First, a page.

Terry Doyle went to Salem High School where he helped bring the Blue Devils to the New Hampshire State Championships. He then decided to go to Boston College. performing reasonably well in his freshman and sophomore years. He had a great summer in the Cape Cod League, where he won the BFC Whitehouse Outstanding Pitcher Award. He had a 2.89 ERA and finished second in the league with 52 strikeouts. Others who have won this award include Chris Sale and Andrew Miller. He seemed on course to be drafted in the second or third round.

Despite this success just months earlier, in his junior year Doyle struggled, mostly due to severe dermatitis. According to the Birmingham News, Doyle had a bad case of eczema on his middle and index fingers, making it difficult for him to throw his breaking balls effectively. He tried many remedies, and even slept wearing a glove. By the time the eczema finally cleared up, it was too late to salvage his season. Doyle finished 2007 with a 5.87 ERA and his K/BB walk ratio fell to 1.57, a full point behind his mark in his sophomore season. He was drafted in the 21st round by the Dodgers, but opted not to sign to try and improve his draft stock.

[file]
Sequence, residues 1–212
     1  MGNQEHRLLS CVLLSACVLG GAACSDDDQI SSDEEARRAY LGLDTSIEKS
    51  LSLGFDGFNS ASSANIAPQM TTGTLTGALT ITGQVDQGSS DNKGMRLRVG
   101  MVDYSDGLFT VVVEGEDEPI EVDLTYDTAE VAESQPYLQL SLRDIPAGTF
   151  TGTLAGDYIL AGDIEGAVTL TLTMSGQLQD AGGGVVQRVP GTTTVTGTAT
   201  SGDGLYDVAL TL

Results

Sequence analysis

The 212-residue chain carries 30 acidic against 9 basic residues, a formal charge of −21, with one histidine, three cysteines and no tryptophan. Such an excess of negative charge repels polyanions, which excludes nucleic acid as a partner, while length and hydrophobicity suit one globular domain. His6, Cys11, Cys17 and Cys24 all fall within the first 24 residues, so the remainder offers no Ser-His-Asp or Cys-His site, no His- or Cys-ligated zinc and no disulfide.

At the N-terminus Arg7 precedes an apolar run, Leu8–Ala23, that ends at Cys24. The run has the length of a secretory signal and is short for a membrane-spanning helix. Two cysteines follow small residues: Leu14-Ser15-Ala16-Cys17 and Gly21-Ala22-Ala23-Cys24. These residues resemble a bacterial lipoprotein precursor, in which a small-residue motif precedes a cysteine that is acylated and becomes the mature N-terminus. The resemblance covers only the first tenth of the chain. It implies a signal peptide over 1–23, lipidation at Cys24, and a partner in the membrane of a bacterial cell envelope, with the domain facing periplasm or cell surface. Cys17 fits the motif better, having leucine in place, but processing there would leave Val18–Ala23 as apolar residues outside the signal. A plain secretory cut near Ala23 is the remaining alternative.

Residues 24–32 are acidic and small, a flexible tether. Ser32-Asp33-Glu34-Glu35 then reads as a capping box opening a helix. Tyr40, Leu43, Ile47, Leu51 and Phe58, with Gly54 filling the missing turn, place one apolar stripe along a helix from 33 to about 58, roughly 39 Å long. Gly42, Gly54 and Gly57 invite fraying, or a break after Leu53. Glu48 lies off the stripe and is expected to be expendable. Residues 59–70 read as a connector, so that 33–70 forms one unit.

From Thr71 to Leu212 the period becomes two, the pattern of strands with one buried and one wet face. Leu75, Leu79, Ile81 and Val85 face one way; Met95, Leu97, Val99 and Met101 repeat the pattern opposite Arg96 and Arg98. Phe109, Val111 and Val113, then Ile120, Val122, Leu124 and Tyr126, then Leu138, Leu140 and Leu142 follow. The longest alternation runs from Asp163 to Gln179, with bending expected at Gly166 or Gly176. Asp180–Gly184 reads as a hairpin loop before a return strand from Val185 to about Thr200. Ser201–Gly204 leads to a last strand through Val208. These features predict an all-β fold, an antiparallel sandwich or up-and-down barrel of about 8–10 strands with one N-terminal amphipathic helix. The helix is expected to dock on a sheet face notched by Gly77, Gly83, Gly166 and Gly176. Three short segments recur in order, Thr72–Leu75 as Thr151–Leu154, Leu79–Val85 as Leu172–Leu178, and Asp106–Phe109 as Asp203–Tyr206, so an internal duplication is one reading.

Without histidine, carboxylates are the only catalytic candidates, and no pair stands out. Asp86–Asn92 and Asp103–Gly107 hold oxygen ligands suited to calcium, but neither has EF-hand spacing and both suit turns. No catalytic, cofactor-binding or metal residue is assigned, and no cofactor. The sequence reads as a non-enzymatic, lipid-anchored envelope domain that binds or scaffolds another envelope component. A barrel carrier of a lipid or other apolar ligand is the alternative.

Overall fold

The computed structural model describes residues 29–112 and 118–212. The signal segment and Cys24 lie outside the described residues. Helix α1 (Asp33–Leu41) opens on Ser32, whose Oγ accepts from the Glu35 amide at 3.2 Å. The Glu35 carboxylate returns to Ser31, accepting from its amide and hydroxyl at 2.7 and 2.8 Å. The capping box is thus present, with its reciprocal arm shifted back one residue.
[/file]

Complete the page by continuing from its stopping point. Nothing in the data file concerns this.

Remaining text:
In his senior season, he struggled even more, and there were reports of mechanical issues that caused his fastball to lose velocity. He was drafted in the 37th round by the Chicago White Sox. They took a chance on him, as although he had a horrendous year, his strikeout numbers were still good, with 73 strikeouts in 75 innings. He was assigned to Bristol and did well as a reliever there, his strikeout numbers still high, averaging over a strikeout an inning.